|Thursday, February 24, 2000||
Volume 65, Issue 102
Mitchell on campus life
Ask any administrator or faculty member and they will be glad to tell you that one of the biggest changes in college life has been the transition away from a campus composed primarily of full-time students living on campus.
The student body has increasingly become one of part-time students living off campus. Unfortunately, this change has led many students to bypass the core of what used to be a "university education."
It used to be that going to a university meant a lot more than just enrolling in classes from some place with "University" in the title. It used to mean four years devoted almost entirely to education, be it in the classroom or in a dormitory. Academic studies and socialization were seen as going hand-in-hand, and it was clearly understood that students had school as their first priority.
These days, however, those ideas are often seen as antiquated. An ever-increasing number of students just show up for class (if that) and take no interest in the broader school community. They make it clear that school is "job three" behind families and their paying jobs. They often cumulatively drag down the academic standards of the school, constantly complaining that "too much" is being asked of them and that they don't have time for anything but the bare bones.
This is not to belittle those who can't put a full-time effort into school. Life isn't a bowl of cherries, and people often have no choice but to try and get an education while at the same time juggling families and jobs. But in the end, something has to give, and that usually ends up being the university environment.
Professors didn't used to worry too much about giving heavy course loads. They knew that students had the time to do the work. After all, the students most likely had neither jobs nor their own families. Let's face it: The idea that a student should spend three hours outside of class studying for every hour spent in class is dead and gone.
On the contrary, professors are now pressured to "be reasonable" in light of the fact that so many students have so many other commitments. At a former school I attended, if you took a "commuter-heavy" evening section of a typical history course, you only had to read three books, while taking a daytime section of the same class required reading six. This was after administrators came down on the history department for failing too many part-timers.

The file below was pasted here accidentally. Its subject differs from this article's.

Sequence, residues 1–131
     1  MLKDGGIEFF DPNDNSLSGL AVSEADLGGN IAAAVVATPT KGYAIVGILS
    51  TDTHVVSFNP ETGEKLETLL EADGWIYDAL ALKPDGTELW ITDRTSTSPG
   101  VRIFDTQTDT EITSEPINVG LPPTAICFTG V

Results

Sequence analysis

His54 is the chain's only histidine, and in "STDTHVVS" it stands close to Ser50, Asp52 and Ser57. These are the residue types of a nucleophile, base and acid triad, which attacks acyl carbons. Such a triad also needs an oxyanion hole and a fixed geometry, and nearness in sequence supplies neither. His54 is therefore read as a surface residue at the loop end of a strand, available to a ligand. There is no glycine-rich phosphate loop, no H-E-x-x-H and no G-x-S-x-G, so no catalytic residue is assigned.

Likewise, the old campus conventions of mandatory on-campus living (at least for freshmen) and mandatory social functions are long gone. University campuses are rapidly becoming as depersonalized and scrambled as the world at large, with fast food replacing cafeterias and parking considered a higher priority than social events.
The original idea of university life was that it was totally unlike the outside world. For a few years a person could wallow in a land where intellectual pursuit outranked monetary gain and where shared learning was as important as compiling credit hours.
As stated, some people don't have much choice but to deal with the hand they have. Unfortunately, this is leading many other people to unnecessarily emulate them. An increasing number of students who could live on campus and go to school full time are instead choosing to just visit now and then.
I admit that being a poor student isn't always a lot of fun, but working when you don't need to is a good way to short-change your education. Yes, some people need a job, and UH is rather picky about being paid, but a lot of people seem driven to buy designer clothes and sports cars and to go clubbing every other night. Generally speaking, if you can borrow rather than work, I'd suggest you borrow. The same applies to living on campus. It may not sound as sexy as being out on the town, but being right next to campus opens up a whole new world of opportunities.
UH is being asked to serve two diverse communities, and the strain it's put under is showing. But if you have any choice at all, concentrate on school and live on campus. You may come away with more than a degree.
Forsberg, a senior history major,